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Covid-19: what point is the economy at?

A lucid analysis by the senior deputy governor of the Bank of Italy provides the key elements we need in order to gain a better understanding

 

Understand the situation, take the most effective measures and implement these efficiently: these are the three steps that we must take when facing any crisis. There are also subsequent stages that apply in a complex situation like the one brought about by Covid-19, but which, on closer inspection, should always be followed by every organisation, pandemic or no pandemic. Reliable analysis, therefore, must be at the foundations of any decision. To get a precise idea is fundamental. In this instance, reading the speech by Daniele Franco, senior deputy governor of the Bank of Italy, on the occasion of the 52nd Day of Credit, can help us with this.

‘The Italian economy and the pandemic’ is a clear summary of what has happened already, what is happening now and what could happen in the future. Franco begins by taking the following fact into consideration: ‘This year’s recession has causes – the Covid-19 pandemic – that are entirely different to the tensions of 2011, which was marked by the sovereign debt crisis that followed the great recession of 2008 to 2009. However, now as then, Italy finds itself having to manage a shock brought about by exogenous factors with an economy that is structurally struggling to grow, and with massive public debt.’ These lines mark the beginning of a detailed analysis by Franco, which first considers the global recession and the actions taken by the various governments, and then goes on to examine what precisely has been done by the central banks. Subsequently, the senior deputy governor of the Bank of Italy takes a look at the consequences of the above issues on the world of work and the latest economic developments. Franco examines savings, credit and investments individually, alongside the structural problems that characterise the Italian economy, before focusing his attention on the various points that must be addressed in a decisive manner. Among these, Franco identifies the need to turn our attention to young people. In the final lines of his speech, he states that: ‘The pandemic and recession are tending … to accentuate the imbalances between generations – which were already significant – as a result, for example, of the increase in youth unemployment, public debt and the rate of pension expenditure. Having underlined these issues, Daniele Franco goes on to insist: ‘The crisis also widens the gulf in opportunities that exists between those who can work remotely and those who cannot, from those engaged in essential activities to those in sectors where the pandemic has served to hinder production and consumption. It is crucial that the response we provide to the emergency – particularly the temporary increase in subsidies – leads back to a comprehensive, coherent plan, which seeks to limit distortions in the future whilst making growth more inclusive. The design of the welfare tools that we implement and of the tax system as a whole must therefore be viewed as essential components of a wider project to relaunch the Italian economy, combining greater growth with greater equity.’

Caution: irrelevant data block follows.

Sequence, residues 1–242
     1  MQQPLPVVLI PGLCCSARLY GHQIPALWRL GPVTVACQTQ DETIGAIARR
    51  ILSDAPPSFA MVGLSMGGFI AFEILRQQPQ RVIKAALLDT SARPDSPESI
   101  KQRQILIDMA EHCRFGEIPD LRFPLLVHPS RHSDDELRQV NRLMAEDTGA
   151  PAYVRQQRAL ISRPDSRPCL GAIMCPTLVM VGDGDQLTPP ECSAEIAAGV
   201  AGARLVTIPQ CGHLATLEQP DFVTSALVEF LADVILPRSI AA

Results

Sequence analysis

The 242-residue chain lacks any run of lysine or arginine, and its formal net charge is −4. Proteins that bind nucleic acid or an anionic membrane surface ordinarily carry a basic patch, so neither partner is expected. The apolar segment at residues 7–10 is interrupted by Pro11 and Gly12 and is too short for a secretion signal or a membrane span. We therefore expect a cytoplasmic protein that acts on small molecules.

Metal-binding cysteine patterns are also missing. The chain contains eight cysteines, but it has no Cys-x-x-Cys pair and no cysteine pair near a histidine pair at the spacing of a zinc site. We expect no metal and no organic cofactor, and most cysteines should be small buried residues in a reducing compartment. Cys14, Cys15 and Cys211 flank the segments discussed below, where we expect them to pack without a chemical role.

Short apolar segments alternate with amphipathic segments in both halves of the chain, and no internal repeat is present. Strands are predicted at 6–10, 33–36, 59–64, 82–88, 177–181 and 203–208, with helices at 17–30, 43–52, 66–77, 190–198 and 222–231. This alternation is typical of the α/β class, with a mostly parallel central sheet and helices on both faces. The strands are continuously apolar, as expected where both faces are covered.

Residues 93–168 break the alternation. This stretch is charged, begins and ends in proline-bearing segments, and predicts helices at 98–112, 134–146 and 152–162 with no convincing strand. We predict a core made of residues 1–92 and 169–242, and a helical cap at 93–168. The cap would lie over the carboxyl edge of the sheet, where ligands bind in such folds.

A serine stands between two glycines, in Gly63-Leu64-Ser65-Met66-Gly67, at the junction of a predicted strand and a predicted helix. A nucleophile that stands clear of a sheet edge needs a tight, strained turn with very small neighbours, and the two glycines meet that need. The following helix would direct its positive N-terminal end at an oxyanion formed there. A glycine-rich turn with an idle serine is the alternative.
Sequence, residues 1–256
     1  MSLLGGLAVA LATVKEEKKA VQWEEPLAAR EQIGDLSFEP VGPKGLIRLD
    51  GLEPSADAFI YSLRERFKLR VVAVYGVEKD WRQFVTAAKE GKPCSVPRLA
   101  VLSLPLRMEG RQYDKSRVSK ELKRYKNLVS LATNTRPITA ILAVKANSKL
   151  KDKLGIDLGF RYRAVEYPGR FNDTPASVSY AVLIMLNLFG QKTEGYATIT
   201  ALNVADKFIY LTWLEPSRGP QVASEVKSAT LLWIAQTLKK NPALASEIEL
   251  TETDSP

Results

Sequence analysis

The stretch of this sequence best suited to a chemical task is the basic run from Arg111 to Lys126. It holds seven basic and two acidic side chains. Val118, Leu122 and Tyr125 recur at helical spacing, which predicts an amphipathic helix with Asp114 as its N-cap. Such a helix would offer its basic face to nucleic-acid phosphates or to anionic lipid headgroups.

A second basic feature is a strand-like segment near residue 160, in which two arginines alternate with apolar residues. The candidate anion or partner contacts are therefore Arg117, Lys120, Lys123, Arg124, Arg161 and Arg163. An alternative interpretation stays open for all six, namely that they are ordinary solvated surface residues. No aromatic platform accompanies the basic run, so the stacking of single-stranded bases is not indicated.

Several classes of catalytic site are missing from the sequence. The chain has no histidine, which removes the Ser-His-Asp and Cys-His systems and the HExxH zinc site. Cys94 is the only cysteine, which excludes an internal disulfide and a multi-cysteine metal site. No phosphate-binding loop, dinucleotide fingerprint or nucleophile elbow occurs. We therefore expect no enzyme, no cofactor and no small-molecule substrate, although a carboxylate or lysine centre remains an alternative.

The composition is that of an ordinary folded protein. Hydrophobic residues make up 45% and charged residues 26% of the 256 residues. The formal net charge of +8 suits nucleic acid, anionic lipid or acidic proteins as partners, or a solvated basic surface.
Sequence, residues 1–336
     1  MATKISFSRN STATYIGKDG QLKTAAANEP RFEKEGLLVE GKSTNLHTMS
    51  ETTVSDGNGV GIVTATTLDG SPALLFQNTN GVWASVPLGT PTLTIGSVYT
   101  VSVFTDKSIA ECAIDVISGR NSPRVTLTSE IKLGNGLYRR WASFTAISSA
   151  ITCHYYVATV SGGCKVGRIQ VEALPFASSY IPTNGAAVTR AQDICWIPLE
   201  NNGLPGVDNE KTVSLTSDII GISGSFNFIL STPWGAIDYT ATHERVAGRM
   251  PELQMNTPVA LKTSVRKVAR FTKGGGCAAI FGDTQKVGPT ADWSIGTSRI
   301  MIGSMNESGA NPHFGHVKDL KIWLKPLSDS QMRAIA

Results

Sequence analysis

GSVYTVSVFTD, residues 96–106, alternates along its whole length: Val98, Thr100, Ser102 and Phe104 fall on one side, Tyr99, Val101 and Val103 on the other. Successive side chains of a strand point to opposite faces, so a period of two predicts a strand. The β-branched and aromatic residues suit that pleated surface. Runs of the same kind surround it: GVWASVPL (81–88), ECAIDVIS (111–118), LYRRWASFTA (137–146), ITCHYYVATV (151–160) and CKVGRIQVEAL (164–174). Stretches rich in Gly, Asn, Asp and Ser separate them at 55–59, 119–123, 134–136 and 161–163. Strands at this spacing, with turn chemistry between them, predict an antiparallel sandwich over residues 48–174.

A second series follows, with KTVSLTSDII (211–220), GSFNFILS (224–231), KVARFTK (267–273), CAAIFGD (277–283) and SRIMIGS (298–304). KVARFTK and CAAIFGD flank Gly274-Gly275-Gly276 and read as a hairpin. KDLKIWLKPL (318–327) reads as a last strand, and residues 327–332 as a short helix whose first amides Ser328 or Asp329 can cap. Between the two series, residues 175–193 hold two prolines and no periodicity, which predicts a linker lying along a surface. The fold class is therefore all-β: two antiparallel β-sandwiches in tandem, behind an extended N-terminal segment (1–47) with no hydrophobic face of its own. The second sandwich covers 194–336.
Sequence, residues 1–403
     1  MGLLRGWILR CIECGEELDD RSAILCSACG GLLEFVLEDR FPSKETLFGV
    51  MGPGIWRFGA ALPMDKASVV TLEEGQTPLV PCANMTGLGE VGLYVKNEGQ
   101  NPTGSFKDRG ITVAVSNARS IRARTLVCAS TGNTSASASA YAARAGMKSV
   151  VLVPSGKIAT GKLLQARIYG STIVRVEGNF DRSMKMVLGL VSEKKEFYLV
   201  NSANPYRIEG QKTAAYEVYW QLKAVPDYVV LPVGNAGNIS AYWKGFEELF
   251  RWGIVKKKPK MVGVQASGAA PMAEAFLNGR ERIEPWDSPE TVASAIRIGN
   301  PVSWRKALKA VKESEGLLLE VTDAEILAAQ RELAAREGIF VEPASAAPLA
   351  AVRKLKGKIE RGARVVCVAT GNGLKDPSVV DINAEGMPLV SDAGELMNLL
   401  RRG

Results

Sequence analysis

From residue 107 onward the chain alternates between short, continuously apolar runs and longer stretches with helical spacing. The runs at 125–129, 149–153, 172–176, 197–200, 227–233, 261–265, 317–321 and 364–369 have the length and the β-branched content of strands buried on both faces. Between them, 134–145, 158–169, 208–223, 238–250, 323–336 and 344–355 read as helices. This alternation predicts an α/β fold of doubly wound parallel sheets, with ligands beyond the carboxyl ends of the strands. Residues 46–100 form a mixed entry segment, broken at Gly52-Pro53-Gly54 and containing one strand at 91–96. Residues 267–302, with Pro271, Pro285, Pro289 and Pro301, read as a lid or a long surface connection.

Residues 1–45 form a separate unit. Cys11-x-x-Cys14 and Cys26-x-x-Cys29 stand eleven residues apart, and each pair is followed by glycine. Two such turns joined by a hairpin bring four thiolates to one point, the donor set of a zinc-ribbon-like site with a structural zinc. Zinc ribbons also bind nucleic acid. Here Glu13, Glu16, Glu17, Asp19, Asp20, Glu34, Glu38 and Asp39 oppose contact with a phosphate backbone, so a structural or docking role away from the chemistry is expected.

L’economia italiana e la pandemia

Speech by Daniele Franco (senior deputy governor of the Bank of Italy)

52nd Day of Credit, Rome, 5 November 2020